+ +

    1

    1

    0

    0

    1

    +

    1

    1

    0

    1

    1

    + +

    1

    1

    1

    0

    1

    + +

    1

    1

    1

    1

    1

    + +

    +

    As OR gate is a positive logic we shall assume that all the values of , , and are positive. If we take = 1, = 1 , =1 , =1 and = 0.5 ( or any value in the range 0 < < 1), then all the equations in column 5 of Table- 6 are satisfied.

    So the threshold logic equation for 4-input OR gate is

    (, , , )

    1 2

    weighted inputs.

    Every threshold gates is augmented with an inverter (Fig.1 (a) or 1(c)). The function of the inverter is to invert/buffer the output of a threshold gate. The logic function done by the buffered threshold gate is that the inverse of which is done by the threshold gate itself. For instance, a buffered gate implements the function. For the remaining part of our discussion, when we refer to a logic function such as AND or OR, we imply the logic function performed by the entire gate (i.e., threshold gate plus an output buffer).

    The parameters used for the implementations and simulations of different gates like AND, OR, NAND and NOR gates and other combinational or sequential circuits are given in Table- 7 [6, 7].

    Table-7

    TLG

    2-

    input AND

    2-

    input OR

    2-

    input NAND

    2-

    input NOR

    3-

    input OR

    Cb

    10.6C

    11.7C

    13.2C

    11.7C

    11.8C

    C0

    8C

    8C

    9C

    9C

    7.8C

    CP

    1

    0.5C

    0.5C

    0.4C

    Cp

    2

    0.5C

    0.5C

    Cn

    1

    0.5C

    0.5C

    0.5C

    Cn

    2

    0.5C

    0.5C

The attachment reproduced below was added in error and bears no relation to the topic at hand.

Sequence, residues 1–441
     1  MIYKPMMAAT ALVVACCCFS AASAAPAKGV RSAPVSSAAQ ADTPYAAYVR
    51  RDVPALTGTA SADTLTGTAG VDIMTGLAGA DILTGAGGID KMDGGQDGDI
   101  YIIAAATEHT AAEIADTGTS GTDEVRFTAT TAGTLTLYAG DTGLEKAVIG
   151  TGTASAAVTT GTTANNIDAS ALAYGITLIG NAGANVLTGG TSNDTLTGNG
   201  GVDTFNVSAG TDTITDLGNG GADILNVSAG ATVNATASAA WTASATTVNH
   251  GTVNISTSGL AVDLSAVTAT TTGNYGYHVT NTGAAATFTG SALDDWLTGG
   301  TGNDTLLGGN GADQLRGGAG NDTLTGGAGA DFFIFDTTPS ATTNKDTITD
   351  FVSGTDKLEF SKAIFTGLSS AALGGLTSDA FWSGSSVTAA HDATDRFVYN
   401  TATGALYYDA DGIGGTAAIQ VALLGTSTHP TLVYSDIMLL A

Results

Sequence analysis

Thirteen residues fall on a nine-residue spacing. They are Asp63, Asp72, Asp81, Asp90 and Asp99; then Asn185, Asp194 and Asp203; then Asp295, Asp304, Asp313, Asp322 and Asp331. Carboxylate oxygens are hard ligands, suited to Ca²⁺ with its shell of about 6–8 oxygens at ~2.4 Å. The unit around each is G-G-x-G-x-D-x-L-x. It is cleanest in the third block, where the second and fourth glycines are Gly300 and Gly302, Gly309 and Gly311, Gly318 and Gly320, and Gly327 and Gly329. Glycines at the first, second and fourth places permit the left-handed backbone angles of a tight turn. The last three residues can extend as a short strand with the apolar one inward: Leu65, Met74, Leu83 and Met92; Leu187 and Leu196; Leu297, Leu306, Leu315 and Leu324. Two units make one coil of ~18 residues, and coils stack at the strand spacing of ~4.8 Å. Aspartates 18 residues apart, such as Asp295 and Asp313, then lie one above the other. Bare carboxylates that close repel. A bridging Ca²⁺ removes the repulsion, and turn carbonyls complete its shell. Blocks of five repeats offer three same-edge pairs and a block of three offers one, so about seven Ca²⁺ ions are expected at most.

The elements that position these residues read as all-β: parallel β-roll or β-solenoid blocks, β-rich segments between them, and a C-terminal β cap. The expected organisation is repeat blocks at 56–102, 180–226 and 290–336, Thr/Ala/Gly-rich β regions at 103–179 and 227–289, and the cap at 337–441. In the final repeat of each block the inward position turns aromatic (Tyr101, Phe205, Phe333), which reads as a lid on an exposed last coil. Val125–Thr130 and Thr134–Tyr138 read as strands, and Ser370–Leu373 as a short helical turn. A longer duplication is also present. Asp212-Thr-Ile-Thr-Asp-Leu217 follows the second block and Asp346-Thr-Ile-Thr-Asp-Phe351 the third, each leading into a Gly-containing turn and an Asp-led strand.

0.1C

    0.1C

    0.1C

    0.1C

    0.1C

    Cg1

    = Cg2

    0.5C

    0.5C

    0.5C

    0.5C

    0.5C

    C2

    = C3

    0.1C

    0.1C

    0.1C

    0.1C

    0.1C

    C2

    = C3

    0.5C

    0.5C

    0.5C

    0.5C

    0.5C

    C1

    = C4

    4.25C

    4.25C

    4.25C

    4.25C

    4.25C

    CL

    9C

    9C

    9C

    9C

    9C

    0 = 0 , 1 = 16 , =105,

    =0.1aF, other capacitance values are in terms of

    , where = 1

  6. AND GATE

    For implementing the AND gate we will use the parameters

    3=10.6C , = =0.5aF, = = 4.25,

    1 2

    1 = 2 = 0.5, = 9, 0 = 8, =105

    in Fig. 4(a) and accordingly after running the

    simulator the output we get is given in Fig. 4(b).

    Fig.3 (a) AND Gate (b) Simulation result of AND gate

  7. NAND GATE

    For implementing the NAND gate, we will use the

    parameters = =0.5aF, = = 4.25,

    Fig.5(b) Simulation result of 3-input AND gate

    1 2

    1 = 2 = 0.5, = 3 = 13.2, = 9, 0 = 8, =105 in Fig. 5(a) and accordingly after running the simulator the output we get is given in Fig.4(b).

    Fig.4 (a) NAND Gate

    Fig.4 (b) Simulation result of NAND gate

  8. 3-INPUT AND GATE

    For implementing the 3-input AND gate we will use the parameters 3=10.6C , = =0.5aF, = =

  9. FIG. 4-INPUT AND GATE

    1

    1

    2

    2

    When we are implementing a 4-input AND gate we will use the parameters 3=10.6C , = =0.5aF, =

    = 4.25, 1 = 2 = 0.5, =

    9, 0 = 8, =105 in Fig. 6(a) and accordingly after running the simulator the output we get is given in Fig. 6(b).

    FIG. 6(A) 4-INPUT AND GATE

    1 2

    4.25, 1 = 2 = 0.5, = 9, 0 = 8, = 105 in Fig. 5(a) and accordingly after running the simulator the output we get is given in Fig. 5(b).

    Fig.6(b) Simulation result of 4-input AND gate

    Fig. 5(a) 3-input AND gate

  10. OR GATE

For implementing the AND gate we will use the parameters

= =0.5aF,3 = 11.7, = = =

12. 4-INPUT OR GATE

Combining the three 2-input OR gate, a 4-input OR gate is built To implementing this gate we will use the parameters

1 2

4.25,

=

= 0.5,

= 9, =